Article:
Home Design

Acoustic Products for Your Home


Although often overlooked, acoustics are a very important feature of a home. It may seem insignificant, but the way that sound and noise travel through the air and walls can impact your ability to focus, your productivity or the way you communicate with other people. If you’re not sure how this happens, keep on reading to find out how improved home acoustics can better the quality of time spent with your dear ones.

How Can I Optimise the Acoustics in My Home?

The first thing you need to do is to find out what the problem is. Does the sound echo too much? Can you barely hear someone from the other room? Everything sounds high-pitch and your glasses are about to crack at any time of the day?

If you know what we’re talking about, there are two things you should turn your attention to: the diffusion and the absorption of the sound. In most homes, the problem is that the sound is too diffused and not at all crisp. You may even hear, but not distinguish, conversations from a room nearby. However, there are also cases when the sound is overly absorbed, and it typically happens in spaces that are filled with furniture, long draperies or other surfaces that capture sound instead of reflecting it.

How Can Acoustic Products Help Me?

Most acoustic products were designed to help you soundproof your home. From Barrier Shield mats, plasterboards and foam sheets to quilts that you can lay inside the floor or walls, you can take care of the acoustics of your home from the moment you’ve started building it until long after you have moved in.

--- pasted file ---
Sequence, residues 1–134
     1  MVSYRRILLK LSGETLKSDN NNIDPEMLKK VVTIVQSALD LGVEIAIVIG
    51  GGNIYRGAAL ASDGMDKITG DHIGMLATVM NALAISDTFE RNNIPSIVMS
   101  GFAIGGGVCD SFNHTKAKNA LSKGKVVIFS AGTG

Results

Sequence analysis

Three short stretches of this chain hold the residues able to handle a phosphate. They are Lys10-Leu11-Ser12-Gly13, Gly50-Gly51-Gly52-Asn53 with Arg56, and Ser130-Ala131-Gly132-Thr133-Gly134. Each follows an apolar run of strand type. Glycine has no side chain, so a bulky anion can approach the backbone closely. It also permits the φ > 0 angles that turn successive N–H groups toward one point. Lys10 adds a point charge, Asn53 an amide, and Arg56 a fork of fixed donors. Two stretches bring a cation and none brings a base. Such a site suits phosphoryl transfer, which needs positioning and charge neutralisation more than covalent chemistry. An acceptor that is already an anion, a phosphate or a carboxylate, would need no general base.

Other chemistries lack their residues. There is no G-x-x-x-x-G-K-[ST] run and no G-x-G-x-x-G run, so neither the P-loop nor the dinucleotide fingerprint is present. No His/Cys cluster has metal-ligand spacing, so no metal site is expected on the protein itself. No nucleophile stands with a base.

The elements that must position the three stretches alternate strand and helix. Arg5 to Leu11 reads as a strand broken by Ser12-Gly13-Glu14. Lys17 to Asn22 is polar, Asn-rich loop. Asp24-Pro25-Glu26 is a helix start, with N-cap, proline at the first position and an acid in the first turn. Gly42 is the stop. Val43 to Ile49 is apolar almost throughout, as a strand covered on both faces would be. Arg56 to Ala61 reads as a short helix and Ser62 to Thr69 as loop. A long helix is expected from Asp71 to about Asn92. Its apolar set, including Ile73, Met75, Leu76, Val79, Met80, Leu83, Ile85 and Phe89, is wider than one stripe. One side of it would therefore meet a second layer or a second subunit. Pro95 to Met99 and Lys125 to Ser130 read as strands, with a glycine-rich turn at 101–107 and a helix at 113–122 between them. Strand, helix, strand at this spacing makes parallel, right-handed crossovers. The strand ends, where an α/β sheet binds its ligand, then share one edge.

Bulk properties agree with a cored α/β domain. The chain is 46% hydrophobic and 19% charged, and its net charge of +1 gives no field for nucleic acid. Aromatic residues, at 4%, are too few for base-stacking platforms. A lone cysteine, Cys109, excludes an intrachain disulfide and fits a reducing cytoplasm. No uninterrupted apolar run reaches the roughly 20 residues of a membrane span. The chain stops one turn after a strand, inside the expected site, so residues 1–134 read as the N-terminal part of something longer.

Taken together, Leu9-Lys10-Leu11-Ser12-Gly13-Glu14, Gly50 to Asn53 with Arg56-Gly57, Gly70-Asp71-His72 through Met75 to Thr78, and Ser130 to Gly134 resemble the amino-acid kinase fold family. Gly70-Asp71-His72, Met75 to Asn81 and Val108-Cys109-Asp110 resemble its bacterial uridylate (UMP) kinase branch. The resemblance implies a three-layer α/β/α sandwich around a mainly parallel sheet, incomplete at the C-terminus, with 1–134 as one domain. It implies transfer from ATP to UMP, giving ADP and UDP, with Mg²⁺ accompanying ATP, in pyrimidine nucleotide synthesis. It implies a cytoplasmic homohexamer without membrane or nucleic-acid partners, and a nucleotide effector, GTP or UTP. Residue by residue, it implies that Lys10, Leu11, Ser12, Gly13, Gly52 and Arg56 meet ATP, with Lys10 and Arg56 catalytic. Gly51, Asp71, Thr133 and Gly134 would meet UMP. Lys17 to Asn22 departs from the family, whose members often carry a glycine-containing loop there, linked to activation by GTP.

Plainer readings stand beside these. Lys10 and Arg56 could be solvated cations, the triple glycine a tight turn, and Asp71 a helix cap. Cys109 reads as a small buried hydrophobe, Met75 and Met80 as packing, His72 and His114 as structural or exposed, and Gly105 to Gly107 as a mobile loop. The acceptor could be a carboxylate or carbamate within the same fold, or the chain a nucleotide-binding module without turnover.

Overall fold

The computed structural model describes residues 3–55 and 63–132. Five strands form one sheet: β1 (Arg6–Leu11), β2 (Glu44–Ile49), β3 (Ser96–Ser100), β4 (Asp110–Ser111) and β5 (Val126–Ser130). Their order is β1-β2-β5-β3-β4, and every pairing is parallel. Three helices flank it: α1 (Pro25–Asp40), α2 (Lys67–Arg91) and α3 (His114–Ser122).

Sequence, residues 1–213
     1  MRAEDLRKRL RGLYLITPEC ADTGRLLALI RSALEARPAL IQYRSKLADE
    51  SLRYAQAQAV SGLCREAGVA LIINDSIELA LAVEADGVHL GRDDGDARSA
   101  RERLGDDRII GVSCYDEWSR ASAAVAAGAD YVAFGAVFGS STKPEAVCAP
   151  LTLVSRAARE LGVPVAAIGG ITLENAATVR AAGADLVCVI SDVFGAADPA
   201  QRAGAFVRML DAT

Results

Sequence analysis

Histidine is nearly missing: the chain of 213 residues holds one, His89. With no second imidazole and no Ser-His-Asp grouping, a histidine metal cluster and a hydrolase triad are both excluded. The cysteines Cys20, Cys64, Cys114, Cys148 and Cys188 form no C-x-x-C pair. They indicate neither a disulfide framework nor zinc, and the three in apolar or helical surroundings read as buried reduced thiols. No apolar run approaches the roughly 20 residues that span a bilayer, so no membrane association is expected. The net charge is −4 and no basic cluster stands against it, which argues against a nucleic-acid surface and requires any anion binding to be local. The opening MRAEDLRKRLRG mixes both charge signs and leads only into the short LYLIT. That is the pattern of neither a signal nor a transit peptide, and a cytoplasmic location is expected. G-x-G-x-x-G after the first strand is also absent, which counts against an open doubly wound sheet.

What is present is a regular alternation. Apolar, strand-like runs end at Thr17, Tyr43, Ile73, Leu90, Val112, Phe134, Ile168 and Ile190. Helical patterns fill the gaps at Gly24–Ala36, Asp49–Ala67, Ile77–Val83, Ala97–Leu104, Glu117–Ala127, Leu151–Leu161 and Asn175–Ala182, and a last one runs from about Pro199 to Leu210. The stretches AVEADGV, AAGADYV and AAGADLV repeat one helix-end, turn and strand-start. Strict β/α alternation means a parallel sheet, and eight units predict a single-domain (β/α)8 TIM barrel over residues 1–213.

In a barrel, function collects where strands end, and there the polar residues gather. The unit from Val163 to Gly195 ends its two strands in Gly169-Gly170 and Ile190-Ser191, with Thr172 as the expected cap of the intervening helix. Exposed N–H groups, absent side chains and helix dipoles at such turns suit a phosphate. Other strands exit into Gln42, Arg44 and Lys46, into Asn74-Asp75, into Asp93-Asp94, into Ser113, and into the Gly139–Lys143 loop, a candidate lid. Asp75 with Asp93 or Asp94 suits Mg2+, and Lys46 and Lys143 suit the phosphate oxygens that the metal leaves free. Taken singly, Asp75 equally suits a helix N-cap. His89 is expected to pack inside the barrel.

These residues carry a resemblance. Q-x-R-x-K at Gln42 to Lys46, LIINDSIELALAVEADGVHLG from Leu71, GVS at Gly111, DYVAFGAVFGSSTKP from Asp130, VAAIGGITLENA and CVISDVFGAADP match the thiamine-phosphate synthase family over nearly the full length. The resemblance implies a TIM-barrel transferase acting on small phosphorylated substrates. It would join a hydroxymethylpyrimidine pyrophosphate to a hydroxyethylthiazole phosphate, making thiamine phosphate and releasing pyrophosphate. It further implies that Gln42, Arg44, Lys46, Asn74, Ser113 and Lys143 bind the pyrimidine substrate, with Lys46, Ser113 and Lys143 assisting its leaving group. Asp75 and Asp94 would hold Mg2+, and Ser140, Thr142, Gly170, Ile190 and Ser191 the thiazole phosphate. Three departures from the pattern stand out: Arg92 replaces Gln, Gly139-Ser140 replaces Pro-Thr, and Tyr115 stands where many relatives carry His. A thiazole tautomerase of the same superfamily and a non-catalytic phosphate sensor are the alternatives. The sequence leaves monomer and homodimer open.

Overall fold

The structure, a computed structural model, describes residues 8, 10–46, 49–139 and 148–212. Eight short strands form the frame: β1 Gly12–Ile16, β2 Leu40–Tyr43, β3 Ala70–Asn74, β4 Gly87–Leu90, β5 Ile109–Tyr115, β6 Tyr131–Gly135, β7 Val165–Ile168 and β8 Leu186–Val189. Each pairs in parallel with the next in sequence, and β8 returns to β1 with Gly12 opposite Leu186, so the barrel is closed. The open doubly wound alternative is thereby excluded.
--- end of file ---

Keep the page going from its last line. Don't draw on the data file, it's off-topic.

Their purpose is to enhance the way sound travels through air and other mediums, in order to benefit from the best possible acoustics and enjoy your conversations without having to worry about outside noise.

What Treatments Can I Apply?

Any wall, ceiling or floor can be treated to enhance the acoustics in a certain space. However, we recommend you to check the way sound propagates in your home. For instance, it is common for the sound to travel vertically in multi-storey buildings. If that’s the case for you, most likely you need to insulate the ceiling, the floor or both of them.

According to Mike from Noise Stop Systems “In single-storey buildings, soundproofing walls seems more helpful, since the sound travels horizontally. Nonetheless, it’s important to take a test before deciding what treatment to apply to a certain room or to the entire house, to make sure you’re insulating where needed.”

How to run the test? Stand in different spots around the house (or the space you would like to treat acoustically) and clap your hands. Then, pay attention to the way sound travels and behaves-does it sound crisp? Does it have an echo? Is it muffled? Then, clap your hands once again, only this time ask someone to stand in a room nearby. This will help you evaluate better what needs to be done, considering the ratio between diffusion and absorption of sounds.

Paul Watson

The author Paul Watson